The nuns who have circulated and signed petitions include sisters
from convents and other Catholic institutions across the state.
Over 100 signatures, for example, all of female voters, as verified through iverifytherecall.com,
list the same address as a Dominican institution in Sinsinawa, WI, in
the southwestern portion of the state. Representatives of that
organization could not be reached for comment.
One Catholic official at a school with a large number of signatories
stressed that Catholic organizations advocate for the poor and
downtrodden, but do not take political positions, and that what their
individual members do is up to them alone.
Though many Catholic voters support Walker, and roughly 40% of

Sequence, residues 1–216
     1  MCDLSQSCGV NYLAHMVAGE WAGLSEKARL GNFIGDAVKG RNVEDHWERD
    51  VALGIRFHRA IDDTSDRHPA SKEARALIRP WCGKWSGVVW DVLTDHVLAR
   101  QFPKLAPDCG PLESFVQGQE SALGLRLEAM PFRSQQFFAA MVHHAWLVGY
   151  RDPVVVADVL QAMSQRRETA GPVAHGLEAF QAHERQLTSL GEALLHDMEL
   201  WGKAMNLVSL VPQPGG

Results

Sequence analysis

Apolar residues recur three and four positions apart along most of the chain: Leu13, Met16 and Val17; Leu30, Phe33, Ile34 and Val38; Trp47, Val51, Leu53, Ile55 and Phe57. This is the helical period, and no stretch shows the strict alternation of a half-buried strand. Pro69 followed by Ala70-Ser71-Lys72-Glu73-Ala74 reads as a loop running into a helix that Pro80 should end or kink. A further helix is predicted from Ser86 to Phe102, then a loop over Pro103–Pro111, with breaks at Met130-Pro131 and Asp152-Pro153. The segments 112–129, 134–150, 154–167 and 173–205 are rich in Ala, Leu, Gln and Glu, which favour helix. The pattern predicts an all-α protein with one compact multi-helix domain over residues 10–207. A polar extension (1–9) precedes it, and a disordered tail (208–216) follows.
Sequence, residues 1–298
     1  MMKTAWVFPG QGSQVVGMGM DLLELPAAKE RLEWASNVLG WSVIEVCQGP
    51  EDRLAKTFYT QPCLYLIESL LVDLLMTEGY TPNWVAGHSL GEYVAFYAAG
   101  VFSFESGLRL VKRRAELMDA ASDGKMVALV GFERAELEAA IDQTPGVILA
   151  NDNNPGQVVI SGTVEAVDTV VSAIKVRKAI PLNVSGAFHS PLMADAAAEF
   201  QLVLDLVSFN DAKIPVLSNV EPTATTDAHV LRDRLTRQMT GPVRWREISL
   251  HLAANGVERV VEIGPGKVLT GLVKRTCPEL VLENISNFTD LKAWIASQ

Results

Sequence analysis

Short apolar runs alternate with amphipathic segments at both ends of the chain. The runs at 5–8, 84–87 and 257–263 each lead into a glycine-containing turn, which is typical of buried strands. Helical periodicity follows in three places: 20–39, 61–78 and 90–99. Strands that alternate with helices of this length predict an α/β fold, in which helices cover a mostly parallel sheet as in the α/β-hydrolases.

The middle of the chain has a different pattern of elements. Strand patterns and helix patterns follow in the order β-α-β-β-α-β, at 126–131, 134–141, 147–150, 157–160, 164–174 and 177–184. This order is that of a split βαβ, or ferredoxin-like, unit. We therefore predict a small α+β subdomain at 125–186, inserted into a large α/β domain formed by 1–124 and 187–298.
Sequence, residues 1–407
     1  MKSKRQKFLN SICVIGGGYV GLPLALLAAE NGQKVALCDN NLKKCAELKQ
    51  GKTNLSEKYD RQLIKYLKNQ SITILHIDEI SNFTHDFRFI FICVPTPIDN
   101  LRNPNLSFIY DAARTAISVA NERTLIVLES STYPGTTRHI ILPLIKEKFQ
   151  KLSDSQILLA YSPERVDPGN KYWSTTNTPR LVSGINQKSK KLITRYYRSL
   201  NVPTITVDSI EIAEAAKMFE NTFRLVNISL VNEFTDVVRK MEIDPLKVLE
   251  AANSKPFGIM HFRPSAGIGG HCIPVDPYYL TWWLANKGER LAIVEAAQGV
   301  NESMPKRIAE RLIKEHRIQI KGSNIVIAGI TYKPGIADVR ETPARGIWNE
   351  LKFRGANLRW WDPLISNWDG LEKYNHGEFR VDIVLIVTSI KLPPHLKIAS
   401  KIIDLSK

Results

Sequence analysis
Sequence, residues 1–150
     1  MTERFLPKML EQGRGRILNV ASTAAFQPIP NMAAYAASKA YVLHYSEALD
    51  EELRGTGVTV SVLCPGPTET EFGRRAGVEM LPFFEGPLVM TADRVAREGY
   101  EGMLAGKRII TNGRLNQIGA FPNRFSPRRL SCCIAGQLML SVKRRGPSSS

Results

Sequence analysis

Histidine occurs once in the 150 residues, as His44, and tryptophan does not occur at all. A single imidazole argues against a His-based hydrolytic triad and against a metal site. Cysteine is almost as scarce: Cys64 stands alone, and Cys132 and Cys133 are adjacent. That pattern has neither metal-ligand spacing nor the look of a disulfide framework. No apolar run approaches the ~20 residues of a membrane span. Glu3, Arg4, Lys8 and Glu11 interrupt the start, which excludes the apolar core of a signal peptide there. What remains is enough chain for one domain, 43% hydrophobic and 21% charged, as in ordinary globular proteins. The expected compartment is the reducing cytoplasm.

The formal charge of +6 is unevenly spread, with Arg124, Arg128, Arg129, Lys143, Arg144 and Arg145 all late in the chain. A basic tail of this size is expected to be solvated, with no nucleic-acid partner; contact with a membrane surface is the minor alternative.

Wisconsin Republican primary voters are Catholic, there is some
Catholic opposition to Walker's collective bargaining reforms among
those partial to the "social justice" movement within the Catholic
Church. Democrats are hoping to tap into that opposition.
Walker's most likely Democratic challenger, former congressman and
former Milwaukee mayor Tom Barrett, is a practicing Catholic but has
been criticized for opposing the ban on federal funding for abortion. Other Democratic candidates--Kathleen Falk, Doug LaFollette, and Kathleen Vinehout--appear to be pro-choice.
I am a Catholic and I really get tired of priests who preach politics in the pulpit. And nuns who think they are than anybody else because they took a vow of poverty but yet are anti-Catholic. It is clear that the political priests and nuns just don't like the Catholic Church and lack the common sense that God gave a goose.
Do the nuns have the legal right to sign the recall petitions? sure. Do they have the moral right to do so? I don't think so.